And many of those parents may be single mothers. According to the Migration Policy Institute, while men make up only 53 percent of the US’s overall unauthorized population, they comprised 91 percent of the 3.7 million deportations carried out by the Department of Homeland Security between 2003-2013. Furthermore, according to “Everyday Illegal: When Policies Undermine Immigrant Families”, published in 2015 by Joanna Dreby and discussed by the American Psychological Association, “Since the overwhelming majority of deportees are men, remaining women often abruptly become single mothers in charge of all financial, household and childcare responsibilities.”
While the research above is not specific to DACA recipients, there is growing concern for Dreamers who are single mothers. As The New Yorker reported in July 2017, Immigration and Customs Enforcement (ICE) has been targeting “a considerable number of women who have no criminal records and who are either the primary caretakers of young children, or the primary family breadwinners, or both.” These women could face impossible choices if they are deported; their children could end up in the foster care system if left behind in the US, or face safety concerns and limited opportunities for education and employment in a new country if they leave.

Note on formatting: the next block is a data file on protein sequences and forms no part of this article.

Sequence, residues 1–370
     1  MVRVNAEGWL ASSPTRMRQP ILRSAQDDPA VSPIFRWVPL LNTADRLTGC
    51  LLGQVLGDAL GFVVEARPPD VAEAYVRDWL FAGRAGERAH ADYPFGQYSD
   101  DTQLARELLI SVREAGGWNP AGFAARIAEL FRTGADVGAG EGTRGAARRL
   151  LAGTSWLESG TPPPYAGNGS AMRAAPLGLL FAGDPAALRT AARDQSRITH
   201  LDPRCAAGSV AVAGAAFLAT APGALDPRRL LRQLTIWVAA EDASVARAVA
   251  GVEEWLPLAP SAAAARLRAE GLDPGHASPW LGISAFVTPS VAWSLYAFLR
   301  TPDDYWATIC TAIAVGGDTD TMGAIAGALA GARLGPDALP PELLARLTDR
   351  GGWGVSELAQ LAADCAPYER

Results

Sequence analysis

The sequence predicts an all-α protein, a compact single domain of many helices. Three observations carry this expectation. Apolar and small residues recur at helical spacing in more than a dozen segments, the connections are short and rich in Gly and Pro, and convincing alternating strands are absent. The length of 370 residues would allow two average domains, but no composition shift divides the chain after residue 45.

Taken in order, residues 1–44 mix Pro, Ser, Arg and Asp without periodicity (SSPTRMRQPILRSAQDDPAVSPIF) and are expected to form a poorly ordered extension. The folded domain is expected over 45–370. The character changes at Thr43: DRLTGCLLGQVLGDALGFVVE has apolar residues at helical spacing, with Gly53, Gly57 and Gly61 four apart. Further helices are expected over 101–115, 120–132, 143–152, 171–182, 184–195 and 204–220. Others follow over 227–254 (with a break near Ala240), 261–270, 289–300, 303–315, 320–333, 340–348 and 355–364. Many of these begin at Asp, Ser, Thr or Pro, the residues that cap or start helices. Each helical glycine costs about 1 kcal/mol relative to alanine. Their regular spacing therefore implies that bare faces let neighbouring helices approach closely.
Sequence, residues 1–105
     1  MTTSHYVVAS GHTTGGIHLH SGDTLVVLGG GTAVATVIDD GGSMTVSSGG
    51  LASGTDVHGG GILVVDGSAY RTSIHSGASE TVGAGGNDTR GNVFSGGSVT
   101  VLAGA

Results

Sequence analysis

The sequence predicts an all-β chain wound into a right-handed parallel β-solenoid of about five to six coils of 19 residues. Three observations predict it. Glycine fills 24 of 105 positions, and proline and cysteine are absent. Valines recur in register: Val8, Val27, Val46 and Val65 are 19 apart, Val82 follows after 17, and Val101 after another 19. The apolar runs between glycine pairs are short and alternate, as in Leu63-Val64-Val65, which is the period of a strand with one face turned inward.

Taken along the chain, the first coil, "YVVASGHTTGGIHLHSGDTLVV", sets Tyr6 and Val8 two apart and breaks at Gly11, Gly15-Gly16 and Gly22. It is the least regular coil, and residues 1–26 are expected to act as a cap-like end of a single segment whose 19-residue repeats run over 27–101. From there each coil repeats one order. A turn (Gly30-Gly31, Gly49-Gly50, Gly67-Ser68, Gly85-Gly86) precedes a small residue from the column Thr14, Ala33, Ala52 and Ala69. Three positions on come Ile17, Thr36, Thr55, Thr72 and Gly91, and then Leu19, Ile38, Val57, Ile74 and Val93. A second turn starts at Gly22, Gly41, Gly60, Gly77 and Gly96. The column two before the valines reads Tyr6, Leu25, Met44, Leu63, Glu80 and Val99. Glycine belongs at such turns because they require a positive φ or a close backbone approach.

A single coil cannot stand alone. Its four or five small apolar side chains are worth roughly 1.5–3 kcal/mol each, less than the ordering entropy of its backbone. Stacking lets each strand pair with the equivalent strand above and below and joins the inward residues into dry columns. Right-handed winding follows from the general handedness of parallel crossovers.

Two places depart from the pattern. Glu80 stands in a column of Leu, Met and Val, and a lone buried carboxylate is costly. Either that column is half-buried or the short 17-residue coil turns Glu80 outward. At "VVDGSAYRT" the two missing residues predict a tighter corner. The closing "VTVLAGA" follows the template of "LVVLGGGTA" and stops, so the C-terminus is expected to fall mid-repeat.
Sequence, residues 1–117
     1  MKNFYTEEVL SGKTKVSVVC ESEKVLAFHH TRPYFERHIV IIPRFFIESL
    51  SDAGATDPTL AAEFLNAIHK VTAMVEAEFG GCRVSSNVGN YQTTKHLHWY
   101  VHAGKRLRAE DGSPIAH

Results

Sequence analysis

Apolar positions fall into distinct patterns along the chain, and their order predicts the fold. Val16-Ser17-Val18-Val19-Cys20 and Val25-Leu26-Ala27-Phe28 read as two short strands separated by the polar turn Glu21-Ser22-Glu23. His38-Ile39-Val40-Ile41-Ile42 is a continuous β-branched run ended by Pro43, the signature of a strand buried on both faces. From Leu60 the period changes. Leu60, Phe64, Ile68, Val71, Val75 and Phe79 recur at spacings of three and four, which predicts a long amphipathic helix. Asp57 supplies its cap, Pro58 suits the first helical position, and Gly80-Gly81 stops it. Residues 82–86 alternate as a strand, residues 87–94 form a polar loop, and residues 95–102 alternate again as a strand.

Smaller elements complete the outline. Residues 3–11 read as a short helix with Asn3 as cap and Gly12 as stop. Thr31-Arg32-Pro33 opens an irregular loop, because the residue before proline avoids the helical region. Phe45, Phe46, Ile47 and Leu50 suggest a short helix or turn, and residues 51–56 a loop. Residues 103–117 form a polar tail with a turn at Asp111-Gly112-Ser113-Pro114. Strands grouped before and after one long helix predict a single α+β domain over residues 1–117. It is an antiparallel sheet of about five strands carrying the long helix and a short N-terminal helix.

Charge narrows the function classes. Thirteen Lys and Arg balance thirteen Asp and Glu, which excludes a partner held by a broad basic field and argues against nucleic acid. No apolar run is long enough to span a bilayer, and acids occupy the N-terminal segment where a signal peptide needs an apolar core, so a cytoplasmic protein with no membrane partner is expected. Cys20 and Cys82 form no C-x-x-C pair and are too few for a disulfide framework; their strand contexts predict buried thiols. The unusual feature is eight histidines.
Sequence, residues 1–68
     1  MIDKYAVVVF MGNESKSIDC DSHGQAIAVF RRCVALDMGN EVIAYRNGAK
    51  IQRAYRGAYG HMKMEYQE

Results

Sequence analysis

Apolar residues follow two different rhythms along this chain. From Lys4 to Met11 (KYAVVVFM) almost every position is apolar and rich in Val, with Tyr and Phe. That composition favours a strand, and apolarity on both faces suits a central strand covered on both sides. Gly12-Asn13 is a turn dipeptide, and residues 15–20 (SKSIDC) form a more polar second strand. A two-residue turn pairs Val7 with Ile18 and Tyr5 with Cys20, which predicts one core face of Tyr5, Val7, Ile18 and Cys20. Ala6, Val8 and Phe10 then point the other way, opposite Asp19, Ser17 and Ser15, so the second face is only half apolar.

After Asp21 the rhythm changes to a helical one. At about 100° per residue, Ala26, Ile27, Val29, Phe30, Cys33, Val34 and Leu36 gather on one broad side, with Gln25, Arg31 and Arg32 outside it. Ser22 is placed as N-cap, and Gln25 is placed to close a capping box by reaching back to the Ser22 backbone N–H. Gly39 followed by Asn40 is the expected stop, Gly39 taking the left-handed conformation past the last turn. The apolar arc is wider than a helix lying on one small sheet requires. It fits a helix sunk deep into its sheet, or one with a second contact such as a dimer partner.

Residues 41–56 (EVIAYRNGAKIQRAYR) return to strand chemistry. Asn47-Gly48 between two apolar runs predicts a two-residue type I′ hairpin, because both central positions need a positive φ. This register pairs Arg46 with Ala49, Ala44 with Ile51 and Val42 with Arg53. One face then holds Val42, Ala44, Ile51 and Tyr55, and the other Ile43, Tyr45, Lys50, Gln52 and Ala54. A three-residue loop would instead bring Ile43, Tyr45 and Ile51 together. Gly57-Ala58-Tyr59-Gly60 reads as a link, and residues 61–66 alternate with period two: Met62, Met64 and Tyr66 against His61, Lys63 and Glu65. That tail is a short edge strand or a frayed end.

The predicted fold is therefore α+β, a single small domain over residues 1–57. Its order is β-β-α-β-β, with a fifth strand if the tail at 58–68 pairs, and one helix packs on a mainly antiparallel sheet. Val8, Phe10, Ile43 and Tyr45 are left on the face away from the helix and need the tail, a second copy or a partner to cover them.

4. Vulnerability to abuse and exploitation
The immigrant rights organization We Belong Together has reported that immigrant women are three to six times likelier than US-born women to experience domestic abuse, often due to their fear of deportation and limited financial resources. Abusers will often use a woman’s immigration status against her to maintain control and make it more difficult for her to leave the abusive marriage or relationship. According to Matiychenko, the current administration’s rhetoric and policy stances regarding immigration further discourage women from reporting domestic violence, sexual assault, and other crimes due to fear of ICE detention and/or deportation. Fear of deportation could also lead to an uptick in fraudulent marriages by women hoping to avoid family separation. Women may also put up with various forms of harassment and abuse in the workplace and academia for fear of being deported.